Reflections on the Book of Judges
Here’s one benefit to reading through the Bible that I’d forgotten about – rediscovering the stories you’d forgotten about. Everybody knows the Samson story. Long hair, big muscles, high libido and low morals. Bruce Springsteen even mentioned him in a song once. But do you remember Micah? His story follows Samson’s in Judges 17 & 18.
But with just a smidge of cultural updating it could be the next installment on your favorite podcast. Micah stole his mother’s silver but returned it when he heard her utter a curse on the anonymous thief. Frightened by the possibility of divine retribution, he confessed.
“Uh, Mom, you know that silver someone stole from you that you called down a curse about? I have that silver with me. I took it.”
Mom’s response? “The Lord bless you, my son!” Who doesn’t love a forgiving mom?
As a reward for returning the silver, his mom gave some of it to a silversmith who used it to make an idol. Micah set the idol up in a shrine in his living room and installed one of his sons as his priest, thus launching the first house church – The Church of Micah. But, as with any church plant, there were some problems. Besides the not-so-small violation of the second commandment (no graven images), Micah’s son was not qualified to be a priest. They were of the tribe of Ephraim and only Levites could be priests.
Meanwhile, a young man from Bethlehem was looking for a fresh start and happened to walk up Micah’s driveway.
“Where are you from?” Micah asked.
“Bethlehem in Judah. I’m a Levite,” the young man answered.
Have you ever had one of those Age of Aquarius moments when it seemed Jupiter aligned with Mars, when the pieces all fell into place and the fortune cookie prediction you read two days ago was coming true right before your very eyes?
Neither have I. But that’s precisely what Micah felt was happening. A duly ordained, fully credentialed, highly qualified, gen – u – wine priest fell right into his lap. Micah made him an offer he could not refuse. “Be my priest. I’ll give you room and board, a clothing allowance and I’ll pay you well.”
“Where do I sign?” the young priest asked.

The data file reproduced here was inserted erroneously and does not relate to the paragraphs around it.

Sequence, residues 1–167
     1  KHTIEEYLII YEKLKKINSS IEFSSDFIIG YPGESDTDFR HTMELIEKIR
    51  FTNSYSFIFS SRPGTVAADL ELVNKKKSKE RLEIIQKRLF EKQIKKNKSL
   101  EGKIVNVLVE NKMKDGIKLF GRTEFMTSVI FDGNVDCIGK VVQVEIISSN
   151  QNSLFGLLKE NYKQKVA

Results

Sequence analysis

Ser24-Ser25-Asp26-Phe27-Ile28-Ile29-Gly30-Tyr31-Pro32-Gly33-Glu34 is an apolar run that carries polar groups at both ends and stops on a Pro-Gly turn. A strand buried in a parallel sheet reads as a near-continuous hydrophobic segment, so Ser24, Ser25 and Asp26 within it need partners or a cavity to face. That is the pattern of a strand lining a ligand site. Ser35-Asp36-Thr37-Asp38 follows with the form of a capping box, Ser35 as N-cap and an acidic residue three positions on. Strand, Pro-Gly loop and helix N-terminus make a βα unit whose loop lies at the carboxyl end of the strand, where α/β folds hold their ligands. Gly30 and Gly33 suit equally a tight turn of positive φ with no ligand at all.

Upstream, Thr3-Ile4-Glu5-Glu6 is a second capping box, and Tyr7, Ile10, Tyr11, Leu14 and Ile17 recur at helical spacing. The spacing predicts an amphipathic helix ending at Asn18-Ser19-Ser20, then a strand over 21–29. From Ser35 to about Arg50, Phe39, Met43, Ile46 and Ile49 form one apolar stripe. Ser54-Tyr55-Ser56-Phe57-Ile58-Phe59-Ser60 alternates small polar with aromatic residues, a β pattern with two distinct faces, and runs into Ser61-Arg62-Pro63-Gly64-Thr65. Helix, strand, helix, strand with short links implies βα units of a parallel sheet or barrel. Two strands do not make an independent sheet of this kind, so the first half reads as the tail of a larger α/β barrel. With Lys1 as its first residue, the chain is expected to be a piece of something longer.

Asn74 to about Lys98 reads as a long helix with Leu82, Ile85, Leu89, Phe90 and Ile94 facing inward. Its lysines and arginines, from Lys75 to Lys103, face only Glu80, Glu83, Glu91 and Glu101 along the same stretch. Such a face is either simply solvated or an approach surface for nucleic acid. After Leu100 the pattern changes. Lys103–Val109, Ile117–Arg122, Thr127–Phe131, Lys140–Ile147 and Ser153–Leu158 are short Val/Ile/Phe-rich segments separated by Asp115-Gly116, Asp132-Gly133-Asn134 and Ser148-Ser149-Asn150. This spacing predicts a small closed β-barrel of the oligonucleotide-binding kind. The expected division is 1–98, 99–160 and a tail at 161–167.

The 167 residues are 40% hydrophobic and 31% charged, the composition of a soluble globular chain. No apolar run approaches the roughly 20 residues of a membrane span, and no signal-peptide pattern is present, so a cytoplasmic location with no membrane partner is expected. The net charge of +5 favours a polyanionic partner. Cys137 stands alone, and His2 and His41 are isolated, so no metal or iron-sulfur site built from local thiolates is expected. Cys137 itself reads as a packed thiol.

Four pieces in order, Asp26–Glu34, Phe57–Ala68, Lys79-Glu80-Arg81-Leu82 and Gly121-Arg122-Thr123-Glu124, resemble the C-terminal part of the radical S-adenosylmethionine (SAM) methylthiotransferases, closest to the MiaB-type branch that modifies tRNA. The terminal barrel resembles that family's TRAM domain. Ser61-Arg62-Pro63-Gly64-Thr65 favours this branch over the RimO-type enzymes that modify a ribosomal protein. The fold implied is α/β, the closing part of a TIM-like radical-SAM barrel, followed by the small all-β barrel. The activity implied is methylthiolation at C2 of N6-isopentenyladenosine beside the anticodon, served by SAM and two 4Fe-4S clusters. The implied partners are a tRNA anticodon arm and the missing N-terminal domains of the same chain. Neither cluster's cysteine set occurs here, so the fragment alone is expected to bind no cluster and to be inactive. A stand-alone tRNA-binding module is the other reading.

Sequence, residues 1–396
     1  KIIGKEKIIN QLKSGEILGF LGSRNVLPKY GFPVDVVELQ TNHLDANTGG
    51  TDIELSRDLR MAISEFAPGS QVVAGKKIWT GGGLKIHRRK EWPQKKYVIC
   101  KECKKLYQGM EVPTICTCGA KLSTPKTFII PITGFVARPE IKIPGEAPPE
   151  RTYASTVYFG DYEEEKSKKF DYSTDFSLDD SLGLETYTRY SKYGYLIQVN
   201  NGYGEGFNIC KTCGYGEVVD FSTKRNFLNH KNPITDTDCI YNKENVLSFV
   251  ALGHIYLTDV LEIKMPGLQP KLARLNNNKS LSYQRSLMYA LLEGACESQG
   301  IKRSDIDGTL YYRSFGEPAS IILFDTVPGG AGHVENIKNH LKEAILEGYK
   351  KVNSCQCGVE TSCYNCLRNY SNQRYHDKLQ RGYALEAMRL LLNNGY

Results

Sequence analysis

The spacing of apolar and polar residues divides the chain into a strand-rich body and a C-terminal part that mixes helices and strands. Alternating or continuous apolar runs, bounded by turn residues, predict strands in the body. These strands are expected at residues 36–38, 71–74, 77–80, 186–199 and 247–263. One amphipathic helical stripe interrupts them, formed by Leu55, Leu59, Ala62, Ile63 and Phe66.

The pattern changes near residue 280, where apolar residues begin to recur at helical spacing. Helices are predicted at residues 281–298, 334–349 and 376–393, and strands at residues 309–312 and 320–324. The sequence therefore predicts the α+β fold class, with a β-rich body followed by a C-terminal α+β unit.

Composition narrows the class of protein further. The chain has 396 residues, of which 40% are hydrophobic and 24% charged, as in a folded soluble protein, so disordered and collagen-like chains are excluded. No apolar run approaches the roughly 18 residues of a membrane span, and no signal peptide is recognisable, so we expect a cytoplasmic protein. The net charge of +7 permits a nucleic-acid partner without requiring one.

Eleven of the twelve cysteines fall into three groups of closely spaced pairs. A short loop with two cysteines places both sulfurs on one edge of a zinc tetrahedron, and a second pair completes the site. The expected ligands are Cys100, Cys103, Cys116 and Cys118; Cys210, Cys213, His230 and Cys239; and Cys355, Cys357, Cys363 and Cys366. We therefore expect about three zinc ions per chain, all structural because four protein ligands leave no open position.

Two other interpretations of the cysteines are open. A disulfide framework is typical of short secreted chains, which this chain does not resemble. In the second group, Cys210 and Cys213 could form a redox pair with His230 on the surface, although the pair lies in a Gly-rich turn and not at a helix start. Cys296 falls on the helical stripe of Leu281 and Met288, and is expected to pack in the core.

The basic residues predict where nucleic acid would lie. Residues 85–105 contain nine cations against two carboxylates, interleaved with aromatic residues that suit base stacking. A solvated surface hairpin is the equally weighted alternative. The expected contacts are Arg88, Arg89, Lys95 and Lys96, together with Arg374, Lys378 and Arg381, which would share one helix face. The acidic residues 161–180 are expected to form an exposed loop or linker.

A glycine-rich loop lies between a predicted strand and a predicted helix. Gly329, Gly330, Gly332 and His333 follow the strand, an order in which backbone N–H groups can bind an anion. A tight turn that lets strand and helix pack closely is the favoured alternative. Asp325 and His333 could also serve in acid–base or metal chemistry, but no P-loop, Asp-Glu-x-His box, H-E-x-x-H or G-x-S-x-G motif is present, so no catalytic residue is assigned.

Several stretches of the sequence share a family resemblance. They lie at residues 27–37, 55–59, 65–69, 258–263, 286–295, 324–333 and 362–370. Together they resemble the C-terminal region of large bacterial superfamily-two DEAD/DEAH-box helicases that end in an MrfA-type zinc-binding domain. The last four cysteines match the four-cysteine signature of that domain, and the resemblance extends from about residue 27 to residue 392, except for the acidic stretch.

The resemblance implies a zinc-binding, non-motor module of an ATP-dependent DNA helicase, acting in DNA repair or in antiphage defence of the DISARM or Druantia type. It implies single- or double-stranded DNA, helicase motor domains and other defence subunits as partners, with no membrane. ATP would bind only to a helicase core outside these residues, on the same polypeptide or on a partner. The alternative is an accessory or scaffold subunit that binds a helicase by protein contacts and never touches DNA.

Micah was thrilled. “Now I know that the Lord will be good to me, since this Levite has become my priest.”
Unfortunately, Micah didn’t think to include a non-compete clause in the contract. Before Micah’s house church could outgrow his living room, the young priest left for a better paying gig with a bigger church. It is an eternal curiosity that the Lord never calls preachers to smaller, lower paying churches. But that’s a story for another blog.
Lots of us these days treat church like the music streaming app, Pandora. If we don’t like our church, we skip to another one that more nearly matches our preferences. Is the worship too old school? No problem. The big mega church downtown just opened up a new franchise in the suburbs. Did your reliable old traditional church add that infernal contemporary music to the playlist? No problem. There’s a faithful fellowship nearby that still holds the line. Do you prefer to go to church at the biblical hour – 11:00 a.m – but yours moved it to 10:30? Preacher too deep? Too shallow? Elders too controlling? Not strict enough? Seats too hard? Too soft?
Noooooo problem! There’s bound to be a church out there that checks off every preference, satisfies every whim and fulfills every wish. Or, push come to shove, you and a few like-minded friends can start your own. It’s like we need a dating service for churches. You fill out your online profile and it sends you a list of local churches that match all twenty-nine dimensions of compatibility. ChurchMatch.me – where it’s all about you.
In the first seven-and-a-half pages of his book, Uncomfortable, Brett McCracken meticulously describes what he calls his “self-indulgent dream church.” He even includes the color palate for his imaginary church’s website. Then he confesses: “I am a bit disgusted with how easy it is to describe in such detail my hypothetical ‘dream church.’ It’s easy because this is how we’ve been conditioned to think. ‘Have it your way’ consumerism is the air we breathe.”
I’m just getting started in McCracken’s book, but I can tell it’s going to be a little like hugging a cactus. And that’s a good thing. Because if I’m never pricked, never made to feel uncomfortable, I will not change. And where there is no change, there is no growth. Therein lies the danger in our Micah-like church customization.
Making members feel comfortable is nowhere to be found in the mission statement Jesus gave the church. On the contrary, the very things we are called to do – examining ourselves, repenting, confessing, loving people who are different, looking to the interests of others, forgiving those who sin against us, praying for those who offend us and serving the whole lot of them – are decidedly un-comfortable activities. If your church never makes you feel inconvenienced, indisposed or uneasy about something – maybe you really do need a new church!
Everyone Did As He Saw Fit
Some of the most gruesome, stomach-turning stories in the Bible appear in the last five chapters of Judges. Israel is spiraling down into spiritual, moral and political chaos. Now and then as the book draws to a close, the author pens a haunting phrase: In those days, Israel had no king; everyone did as he saw fit. It is no accident that the first time that phrase shows up is in the story of Micah’s customized church. Micah created for himself an ergonomically designed religious experience. It was safe. It was comfortable. It was user friendly. He never had to listen to a sermon that offended him. He didn’t have to learn to love people he didn’t like. He never had to feel convicted, called to a higher way of living or challenged to change. Micah got the church he wanted; not the church he needed.